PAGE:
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Improvement is the resolution to the patient’s situation. In the resolution, the nurse’s actions are not evaluated. Instead, the result of his or her actions are evaluated to determine whether his or her actions served to help the patient communicate his or her need for help and how it was met. In each contact, the nurse repeats a process of learning how he or she can help the patient. The nurse’s own individuality, as well as that of the patient, requires going through this each time the nurse is called upon to render service to those who need him or her.

Orlando’s model of nursing makes the following assumptions:

  • When patients are unable to cope with their needs on their own, they become distressed by feelings of helplessness.
  • In its professional character, nursing adds to the distress of the patient.
  • Patients are unique and individual in how they respond.
  • Nursing offers mothering and nursing analogous to an adult who mothers and nurtures a child.
  • The practice of nursing deals with people, environment, and health.
  • Patients need help communicating their needs; they are uncomfortable and ambivalent about their dependency needs.
  • People are able to be secretive or explicit about their needs, perceptions, thoughts, and feelings.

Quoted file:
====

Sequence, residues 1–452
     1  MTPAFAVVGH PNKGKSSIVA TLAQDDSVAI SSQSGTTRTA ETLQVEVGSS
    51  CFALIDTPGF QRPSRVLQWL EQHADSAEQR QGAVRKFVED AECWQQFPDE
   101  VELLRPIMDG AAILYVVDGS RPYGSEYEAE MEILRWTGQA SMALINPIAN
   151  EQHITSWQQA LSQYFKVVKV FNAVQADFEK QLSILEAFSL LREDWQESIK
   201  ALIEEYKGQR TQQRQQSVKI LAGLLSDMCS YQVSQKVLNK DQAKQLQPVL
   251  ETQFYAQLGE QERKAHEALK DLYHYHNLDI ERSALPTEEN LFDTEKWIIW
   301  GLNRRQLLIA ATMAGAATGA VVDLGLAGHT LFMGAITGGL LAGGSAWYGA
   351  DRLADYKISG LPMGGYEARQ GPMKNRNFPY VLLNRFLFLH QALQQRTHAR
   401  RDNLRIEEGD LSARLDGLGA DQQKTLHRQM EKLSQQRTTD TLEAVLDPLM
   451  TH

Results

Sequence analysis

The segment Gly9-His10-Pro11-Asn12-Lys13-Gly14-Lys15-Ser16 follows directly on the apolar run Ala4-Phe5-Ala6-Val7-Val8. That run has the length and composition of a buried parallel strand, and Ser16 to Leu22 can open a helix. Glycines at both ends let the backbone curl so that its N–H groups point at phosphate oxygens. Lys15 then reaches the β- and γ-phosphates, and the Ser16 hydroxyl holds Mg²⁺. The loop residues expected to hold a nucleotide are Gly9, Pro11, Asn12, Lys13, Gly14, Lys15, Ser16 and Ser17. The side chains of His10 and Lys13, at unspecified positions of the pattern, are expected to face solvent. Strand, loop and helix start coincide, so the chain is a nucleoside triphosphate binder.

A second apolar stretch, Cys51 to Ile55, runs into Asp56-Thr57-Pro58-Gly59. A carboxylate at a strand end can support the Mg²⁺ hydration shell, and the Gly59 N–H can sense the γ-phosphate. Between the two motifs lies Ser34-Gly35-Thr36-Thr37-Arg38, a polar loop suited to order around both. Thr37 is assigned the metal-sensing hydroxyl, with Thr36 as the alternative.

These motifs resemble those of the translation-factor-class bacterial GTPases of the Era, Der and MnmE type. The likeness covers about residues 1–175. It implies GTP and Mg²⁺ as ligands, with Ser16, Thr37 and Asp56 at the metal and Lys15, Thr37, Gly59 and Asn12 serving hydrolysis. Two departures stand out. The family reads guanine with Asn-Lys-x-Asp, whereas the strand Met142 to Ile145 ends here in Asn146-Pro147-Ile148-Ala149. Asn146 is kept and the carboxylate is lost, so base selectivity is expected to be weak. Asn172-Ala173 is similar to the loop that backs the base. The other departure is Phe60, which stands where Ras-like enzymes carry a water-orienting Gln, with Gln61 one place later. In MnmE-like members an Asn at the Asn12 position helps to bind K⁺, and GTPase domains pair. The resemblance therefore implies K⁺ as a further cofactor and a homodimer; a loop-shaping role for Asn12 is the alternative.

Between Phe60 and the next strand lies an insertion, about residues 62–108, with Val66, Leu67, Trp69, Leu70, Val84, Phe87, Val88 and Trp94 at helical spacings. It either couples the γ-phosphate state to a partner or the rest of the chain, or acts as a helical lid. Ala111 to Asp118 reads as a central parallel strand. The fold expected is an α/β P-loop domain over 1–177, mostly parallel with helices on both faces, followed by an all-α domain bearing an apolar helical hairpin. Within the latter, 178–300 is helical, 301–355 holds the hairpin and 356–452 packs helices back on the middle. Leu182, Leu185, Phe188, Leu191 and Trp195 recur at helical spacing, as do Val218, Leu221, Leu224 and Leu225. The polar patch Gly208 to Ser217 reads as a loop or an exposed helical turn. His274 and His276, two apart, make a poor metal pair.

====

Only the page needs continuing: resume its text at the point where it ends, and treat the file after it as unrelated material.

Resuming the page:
• The nurse-patient situation is dynamic; actions and reactions are influenced by both the nurse and the patient.
  • People attach meanings to situations and actions that aren’t apparent to others.
  • Patients enter into nursing care through medicine.
  • The patient is unable to state the nature and meaning of his or her distress without the help of the nurse, or without him or her first having established a helpful relationship with the patient.
  • Any observation shared and observed with the patient is immediately helpful in ascertaining and meeting his or her need, or finding out that he or she is not in need at that time.
  • Nurses are concerned with the needs the patient is unable to meet on his or her own.

The nurse uses the standard nursing process in Orlando’s Nursing Process Discipline Theory, which follows: assessment, diagnosis, planning, implementation, and evaluation. The theory focuses on the interaction between the nurse and patient, perception validation, and the use of the nursing process to produce positive outcomes or patient improvement. Orlando’s key focus was the definition of the function of nursing. The model provides a framework for nursing, but the use of her theory does not exclude nurses from using other nursing theories while caring for patients.